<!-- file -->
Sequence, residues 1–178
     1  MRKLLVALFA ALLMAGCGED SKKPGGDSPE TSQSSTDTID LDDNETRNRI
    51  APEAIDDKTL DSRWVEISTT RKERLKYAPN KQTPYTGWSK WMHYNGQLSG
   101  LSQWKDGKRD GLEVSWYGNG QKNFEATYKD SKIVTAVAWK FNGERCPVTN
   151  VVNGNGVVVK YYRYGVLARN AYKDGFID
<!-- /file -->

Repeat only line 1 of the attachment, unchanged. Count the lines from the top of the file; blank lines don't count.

Sequence, residues 1–178